Smart watches and health monitors have revolutionized health care. Not only can they track sleeping habits, restlessness, exercise habits and heart rate, but the ones worth purchasing have the ability to recognize dangerous falls and send out alerts. Additionally, being able to call for help through a smart watch that’s always on your wrist means that the risk of being left alone in pain is significantly diminished. Your in-home nurse can check how well you slept and monitor your heart rate as well as any potential avenues for risk, as well.

Remote Monitoring Systems

While remote monitoring systems are usually wearable technology as well, they function a little differently. In most cases, they’re designed to alert others when detecting an anomaly, instead of keeping the autonomy solely within your home. From motion sensors to blood sugar alert systems, a remote monitor can detect long periods of non-movement, falls, or more, and alert emergency services immediately. In many situations, the information can be transmitted directly to your doctor, as well, saving time when it is at an absolute premium.

Stairway Assistance

While this requires a little bit of remodeling, it can beat the alternative of moving to a new home with no steps. Adding in lifts, temporary stair railings, or a stair climbing chair can provide a means for anyone to get up- and downstairs safely and with ease. Even small steps from a home entrance to a living room or from one section of the house to the other should have a railing installed, as well as treads and safety grips on the floor itself.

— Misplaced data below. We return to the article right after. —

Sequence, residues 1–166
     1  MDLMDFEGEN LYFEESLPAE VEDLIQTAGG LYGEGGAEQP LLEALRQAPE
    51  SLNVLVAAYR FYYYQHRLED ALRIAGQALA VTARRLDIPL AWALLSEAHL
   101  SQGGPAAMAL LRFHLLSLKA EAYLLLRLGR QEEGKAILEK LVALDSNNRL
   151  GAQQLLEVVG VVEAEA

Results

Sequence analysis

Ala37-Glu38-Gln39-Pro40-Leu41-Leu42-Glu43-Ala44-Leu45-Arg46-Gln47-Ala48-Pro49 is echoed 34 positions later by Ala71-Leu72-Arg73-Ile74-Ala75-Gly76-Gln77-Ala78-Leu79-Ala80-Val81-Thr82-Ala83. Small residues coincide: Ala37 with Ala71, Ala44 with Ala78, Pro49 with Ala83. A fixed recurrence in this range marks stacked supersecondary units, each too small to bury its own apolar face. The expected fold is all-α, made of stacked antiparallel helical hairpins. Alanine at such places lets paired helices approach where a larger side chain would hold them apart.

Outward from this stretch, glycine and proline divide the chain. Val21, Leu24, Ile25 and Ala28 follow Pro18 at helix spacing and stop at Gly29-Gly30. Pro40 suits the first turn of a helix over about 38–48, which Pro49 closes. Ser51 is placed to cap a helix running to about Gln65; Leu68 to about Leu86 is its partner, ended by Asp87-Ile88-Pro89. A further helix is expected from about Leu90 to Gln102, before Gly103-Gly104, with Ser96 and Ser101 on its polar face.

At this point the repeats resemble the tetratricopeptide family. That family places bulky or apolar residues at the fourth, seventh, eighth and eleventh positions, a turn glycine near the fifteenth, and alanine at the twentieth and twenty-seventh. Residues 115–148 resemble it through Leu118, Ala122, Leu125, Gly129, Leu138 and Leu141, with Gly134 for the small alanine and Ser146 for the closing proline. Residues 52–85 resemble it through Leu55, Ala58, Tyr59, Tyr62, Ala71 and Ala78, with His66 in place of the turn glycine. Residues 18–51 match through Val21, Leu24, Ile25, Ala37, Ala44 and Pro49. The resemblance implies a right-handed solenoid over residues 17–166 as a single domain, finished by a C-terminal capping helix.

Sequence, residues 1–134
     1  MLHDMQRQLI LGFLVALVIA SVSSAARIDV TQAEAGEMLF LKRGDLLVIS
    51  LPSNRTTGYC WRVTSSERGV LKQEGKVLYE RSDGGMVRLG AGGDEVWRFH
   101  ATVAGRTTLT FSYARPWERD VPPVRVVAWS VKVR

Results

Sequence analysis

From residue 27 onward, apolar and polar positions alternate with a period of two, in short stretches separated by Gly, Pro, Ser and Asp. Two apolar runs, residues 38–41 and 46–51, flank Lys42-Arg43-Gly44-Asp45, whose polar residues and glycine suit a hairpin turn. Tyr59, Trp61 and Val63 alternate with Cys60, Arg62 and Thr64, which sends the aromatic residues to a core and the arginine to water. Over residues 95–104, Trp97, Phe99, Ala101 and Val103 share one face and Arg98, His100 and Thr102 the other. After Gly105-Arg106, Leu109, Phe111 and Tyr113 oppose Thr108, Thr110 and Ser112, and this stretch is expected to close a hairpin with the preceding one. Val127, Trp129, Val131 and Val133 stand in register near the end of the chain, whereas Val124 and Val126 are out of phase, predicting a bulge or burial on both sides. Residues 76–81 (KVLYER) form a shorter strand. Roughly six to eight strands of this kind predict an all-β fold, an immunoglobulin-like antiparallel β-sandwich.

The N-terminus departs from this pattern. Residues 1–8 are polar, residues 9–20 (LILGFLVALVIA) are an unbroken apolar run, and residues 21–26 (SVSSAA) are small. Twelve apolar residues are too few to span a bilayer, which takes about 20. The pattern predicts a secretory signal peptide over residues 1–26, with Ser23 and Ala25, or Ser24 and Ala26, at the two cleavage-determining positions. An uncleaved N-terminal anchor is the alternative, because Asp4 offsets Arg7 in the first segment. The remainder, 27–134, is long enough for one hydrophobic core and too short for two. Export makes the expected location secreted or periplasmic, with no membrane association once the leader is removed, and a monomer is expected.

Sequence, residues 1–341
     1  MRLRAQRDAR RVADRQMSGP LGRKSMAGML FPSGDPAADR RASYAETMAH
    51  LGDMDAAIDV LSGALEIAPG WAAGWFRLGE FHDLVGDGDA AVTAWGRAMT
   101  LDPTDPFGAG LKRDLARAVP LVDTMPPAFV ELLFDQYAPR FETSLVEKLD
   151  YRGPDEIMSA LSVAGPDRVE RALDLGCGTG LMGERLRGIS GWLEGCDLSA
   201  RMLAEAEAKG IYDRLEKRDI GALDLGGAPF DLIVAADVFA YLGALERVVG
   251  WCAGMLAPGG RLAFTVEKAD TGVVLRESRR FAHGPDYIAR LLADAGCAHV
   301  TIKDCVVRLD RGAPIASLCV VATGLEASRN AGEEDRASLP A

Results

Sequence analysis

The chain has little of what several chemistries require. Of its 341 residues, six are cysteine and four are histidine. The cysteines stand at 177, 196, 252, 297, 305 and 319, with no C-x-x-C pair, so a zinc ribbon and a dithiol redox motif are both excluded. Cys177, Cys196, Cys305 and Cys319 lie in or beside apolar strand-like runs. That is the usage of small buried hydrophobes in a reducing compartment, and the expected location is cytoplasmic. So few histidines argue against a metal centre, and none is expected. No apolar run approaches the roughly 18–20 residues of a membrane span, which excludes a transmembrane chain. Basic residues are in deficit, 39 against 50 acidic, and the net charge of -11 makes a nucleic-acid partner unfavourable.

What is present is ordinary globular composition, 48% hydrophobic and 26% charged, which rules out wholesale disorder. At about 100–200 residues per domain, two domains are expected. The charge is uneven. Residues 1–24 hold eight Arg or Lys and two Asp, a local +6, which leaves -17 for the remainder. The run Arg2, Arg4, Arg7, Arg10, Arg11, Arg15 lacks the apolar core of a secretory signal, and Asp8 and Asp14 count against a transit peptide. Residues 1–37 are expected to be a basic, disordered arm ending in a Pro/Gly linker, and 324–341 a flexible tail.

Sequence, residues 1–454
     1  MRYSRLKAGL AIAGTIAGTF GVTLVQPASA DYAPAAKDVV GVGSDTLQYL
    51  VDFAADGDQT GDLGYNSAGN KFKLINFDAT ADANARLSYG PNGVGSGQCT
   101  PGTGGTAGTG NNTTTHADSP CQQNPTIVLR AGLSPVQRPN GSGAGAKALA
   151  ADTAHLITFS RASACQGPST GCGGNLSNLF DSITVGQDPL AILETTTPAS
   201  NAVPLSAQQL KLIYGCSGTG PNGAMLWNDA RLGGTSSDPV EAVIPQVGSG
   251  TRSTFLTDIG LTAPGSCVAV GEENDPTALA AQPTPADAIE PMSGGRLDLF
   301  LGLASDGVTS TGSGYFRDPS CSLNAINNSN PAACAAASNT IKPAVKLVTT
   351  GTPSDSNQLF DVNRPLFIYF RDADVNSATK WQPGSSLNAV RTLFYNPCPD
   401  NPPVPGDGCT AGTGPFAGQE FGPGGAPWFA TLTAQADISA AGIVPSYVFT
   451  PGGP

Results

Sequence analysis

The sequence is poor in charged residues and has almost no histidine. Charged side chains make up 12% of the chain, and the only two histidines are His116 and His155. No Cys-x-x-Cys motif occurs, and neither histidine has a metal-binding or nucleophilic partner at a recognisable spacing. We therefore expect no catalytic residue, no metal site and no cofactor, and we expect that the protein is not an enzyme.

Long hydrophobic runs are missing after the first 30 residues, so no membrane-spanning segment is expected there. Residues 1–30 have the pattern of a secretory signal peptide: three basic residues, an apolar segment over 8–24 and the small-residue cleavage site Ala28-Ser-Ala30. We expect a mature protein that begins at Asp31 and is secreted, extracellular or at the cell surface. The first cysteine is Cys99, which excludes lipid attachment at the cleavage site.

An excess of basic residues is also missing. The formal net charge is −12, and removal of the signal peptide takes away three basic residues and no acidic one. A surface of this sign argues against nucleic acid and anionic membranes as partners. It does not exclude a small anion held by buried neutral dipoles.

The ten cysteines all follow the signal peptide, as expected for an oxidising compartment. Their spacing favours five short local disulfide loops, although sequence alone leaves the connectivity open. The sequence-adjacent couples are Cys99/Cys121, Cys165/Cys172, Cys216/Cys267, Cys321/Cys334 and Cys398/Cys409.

Mobility Assistive Devices

On the simpler side, walking poles can allow you to stay mobile while decreasing the risk of an injury. They feel more athletically-inclined than a walker or cane and can help retain dignity and independence at the same time. Additionally, the use of assistive seating devices can help lift you from a seating position to a standing position (and vice versa), giving you freedom to sit and stand without relying on anyone else’s help.

Being safe and independent at the same time is important, so whether you’re doing this for yourself or for a loved one who lives alone, a combination of adaptive technologies and in-home care from a trusted provider like Compassionate Care is the best solution for living and aging gracefully!